Way Forward:

  • The Bill is a very progressive step and signals a maturing society
  • For now, however, the Maharashtra law is an important first step, that carries forward the judicially-aborted goals of the 1949 Excommunication Act, and the rarely-used Protection of Civil Rights Act.
  • Time is the best judge to comment on its effectiveness.
  • In the meantime, the State administration should take proactive steps to ensure meaningful and effective implementation of the act

Approach to Civil Services Exam:

GS 1 :

  • 125th anniversary of Dr. B.R Ambedkar- so its important to go through his contribution in history part of paper 1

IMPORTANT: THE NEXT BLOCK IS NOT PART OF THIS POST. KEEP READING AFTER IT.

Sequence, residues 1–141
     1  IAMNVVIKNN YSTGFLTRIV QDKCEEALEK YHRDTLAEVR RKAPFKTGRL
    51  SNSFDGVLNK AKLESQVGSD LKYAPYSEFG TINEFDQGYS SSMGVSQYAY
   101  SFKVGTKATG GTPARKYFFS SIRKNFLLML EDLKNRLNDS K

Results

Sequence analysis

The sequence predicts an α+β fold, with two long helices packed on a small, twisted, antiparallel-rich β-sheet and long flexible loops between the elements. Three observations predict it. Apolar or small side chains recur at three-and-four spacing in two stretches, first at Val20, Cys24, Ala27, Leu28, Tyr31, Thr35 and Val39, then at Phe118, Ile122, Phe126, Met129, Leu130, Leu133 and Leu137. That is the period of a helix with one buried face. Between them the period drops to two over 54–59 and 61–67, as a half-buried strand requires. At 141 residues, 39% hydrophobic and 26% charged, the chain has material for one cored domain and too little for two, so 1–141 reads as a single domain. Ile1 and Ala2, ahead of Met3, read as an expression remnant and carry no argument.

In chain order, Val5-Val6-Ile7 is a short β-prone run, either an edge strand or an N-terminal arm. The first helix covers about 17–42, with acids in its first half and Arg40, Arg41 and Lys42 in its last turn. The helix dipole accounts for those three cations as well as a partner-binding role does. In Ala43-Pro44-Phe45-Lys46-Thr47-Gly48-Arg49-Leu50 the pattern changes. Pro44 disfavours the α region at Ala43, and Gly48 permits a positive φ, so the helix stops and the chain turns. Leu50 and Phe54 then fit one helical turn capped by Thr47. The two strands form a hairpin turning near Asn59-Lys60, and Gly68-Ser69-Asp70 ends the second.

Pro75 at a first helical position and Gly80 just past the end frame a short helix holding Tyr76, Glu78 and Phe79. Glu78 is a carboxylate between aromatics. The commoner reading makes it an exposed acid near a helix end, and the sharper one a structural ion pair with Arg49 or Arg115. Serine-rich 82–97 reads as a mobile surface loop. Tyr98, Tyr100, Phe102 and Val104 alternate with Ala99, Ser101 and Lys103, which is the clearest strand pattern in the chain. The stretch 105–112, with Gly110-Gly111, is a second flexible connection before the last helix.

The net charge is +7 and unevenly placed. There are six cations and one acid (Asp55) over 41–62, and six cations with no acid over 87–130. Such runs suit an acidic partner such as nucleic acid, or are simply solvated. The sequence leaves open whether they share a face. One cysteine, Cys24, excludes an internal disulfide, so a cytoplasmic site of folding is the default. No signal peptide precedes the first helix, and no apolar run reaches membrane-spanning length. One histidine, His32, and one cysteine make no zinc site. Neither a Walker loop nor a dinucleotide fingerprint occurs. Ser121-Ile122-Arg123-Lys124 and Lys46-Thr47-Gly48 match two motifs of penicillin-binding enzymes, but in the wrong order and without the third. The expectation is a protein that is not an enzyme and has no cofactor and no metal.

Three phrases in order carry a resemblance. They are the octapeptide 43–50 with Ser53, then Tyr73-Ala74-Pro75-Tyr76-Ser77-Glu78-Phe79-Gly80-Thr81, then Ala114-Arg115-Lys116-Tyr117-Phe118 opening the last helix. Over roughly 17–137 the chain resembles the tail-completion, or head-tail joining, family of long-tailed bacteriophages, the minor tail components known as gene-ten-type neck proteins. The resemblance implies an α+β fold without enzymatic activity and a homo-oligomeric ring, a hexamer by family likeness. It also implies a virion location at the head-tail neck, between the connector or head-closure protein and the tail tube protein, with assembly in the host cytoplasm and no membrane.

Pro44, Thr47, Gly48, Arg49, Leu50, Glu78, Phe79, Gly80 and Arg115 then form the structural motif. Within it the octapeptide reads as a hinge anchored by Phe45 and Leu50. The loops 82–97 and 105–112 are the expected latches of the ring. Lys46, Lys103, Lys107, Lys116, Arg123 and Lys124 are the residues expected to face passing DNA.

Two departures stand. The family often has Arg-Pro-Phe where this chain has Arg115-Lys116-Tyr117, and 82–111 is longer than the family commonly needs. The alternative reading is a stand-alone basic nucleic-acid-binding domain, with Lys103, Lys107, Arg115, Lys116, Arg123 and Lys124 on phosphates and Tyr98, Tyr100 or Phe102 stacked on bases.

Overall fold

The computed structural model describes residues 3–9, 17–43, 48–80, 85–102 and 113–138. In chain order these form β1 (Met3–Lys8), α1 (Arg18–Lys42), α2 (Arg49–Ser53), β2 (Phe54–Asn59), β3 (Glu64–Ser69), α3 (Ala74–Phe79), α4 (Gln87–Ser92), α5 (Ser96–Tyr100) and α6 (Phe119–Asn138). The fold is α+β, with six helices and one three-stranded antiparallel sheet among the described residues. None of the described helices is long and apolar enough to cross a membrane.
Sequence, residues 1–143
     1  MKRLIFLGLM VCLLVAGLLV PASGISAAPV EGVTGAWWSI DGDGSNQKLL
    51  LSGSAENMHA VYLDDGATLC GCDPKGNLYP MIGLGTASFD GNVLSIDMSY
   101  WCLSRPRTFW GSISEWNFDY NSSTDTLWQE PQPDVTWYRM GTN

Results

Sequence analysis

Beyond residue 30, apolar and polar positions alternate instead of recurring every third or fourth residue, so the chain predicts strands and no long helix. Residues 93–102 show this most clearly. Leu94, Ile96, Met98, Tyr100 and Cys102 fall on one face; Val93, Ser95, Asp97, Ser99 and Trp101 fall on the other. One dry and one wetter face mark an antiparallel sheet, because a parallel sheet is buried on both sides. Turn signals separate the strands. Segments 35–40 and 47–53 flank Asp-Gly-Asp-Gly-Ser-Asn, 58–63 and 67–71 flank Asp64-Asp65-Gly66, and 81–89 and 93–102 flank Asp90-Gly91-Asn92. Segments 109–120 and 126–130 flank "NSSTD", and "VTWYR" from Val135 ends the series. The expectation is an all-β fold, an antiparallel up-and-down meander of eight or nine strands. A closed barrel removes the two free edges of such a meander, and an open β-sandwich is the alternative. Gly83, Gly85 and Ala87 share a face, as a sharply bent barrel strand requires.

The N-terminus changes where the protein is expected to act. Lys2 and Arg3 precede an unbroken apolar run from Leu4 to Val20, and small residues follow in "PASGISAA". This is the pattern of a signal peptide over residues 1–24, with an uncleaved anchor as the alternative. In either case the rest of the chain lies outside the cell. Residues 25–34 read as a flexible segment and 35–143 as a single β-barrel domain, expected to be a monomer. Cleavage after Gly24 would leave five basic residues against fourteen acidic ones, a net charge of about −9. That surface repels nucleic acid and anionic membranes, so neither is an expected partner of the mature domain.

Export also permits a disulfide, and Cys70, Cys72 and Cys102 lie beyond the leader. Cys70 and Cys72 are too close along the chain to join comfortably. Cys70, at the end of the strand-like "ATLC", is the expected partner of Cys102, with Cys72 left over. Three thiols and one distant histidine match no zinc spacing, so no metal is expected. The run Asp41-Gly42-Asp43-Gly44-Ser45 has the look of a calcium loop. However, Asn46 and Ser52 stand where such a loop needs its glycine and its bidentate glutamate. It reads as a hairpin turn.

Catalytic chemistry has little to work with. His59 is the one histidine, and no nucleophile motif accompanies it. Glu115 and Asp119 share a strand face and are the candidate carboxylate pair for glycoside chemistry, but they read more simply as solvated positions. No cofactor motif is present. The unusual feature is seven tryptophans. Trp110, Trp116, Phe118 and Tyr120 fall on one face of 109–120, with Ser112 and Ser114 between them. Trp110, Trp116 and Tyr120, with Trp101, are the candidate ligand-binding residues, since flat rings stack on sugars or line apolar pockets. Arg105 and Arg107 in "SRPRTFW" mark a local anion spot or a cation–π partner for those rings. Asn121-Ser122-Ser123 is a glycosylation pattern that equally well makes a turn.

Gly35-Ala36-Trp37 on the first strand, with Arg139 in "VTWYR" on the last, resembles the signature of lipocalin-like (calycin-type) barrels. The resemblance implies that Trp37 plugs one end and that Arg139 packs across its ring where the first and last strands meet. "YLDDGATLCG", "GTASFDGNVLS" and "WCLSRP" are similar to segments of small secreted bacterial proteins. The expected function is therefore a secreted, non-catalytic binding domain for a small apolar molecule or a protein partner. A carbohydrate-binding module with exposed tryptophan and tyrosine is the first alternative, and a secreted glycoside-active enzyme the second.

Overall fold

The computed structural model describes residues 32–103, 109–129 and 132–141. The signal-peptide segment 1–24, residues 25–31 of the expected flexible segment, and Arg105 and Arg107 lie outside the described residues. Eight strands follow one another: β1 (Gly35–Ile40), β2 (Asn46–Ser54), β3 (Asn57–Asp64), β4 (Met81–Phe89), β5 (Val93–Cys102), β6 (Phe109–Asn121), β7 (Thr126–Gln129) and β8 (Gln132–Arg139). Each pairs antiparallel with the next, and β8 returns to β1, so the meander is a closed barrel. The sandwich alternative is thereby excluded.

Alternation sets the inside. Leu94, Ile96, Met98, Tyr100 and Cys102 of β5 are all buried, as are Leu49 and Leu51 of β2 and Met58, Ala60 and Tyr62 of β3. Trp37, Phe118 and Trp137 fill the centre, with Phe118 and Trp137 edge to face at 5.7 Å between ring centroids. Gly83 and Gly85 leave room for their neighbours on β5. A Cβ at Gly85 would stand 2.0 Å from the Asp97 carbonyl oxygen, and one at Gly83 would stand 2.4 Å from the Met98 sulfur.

• In Society, the social stigmatisation and the Dalit movements become important
  • The various aspects like dominant caste, class, Sanskritisation are important
  • Why certain communities are dominantly involved in manual scavenging?-social aspects

GS2:

  • Policies and interventions for the vulnerable and excluded
  • Constitutional articles and fundamental rights- Article 15,17,26,21 and also Directive principles of State Policy
  • Particular communities are dominantly involved in practices like manual scavenging.Therefore even Manual scavenging act becomes important.

GS3:

  • Analysis of Zamindari abolition act and land reforms and did it really help the socially excluded?

GS4:

  • Attitudinal factors related to social exclusion and its ethical dimensions
  • Case study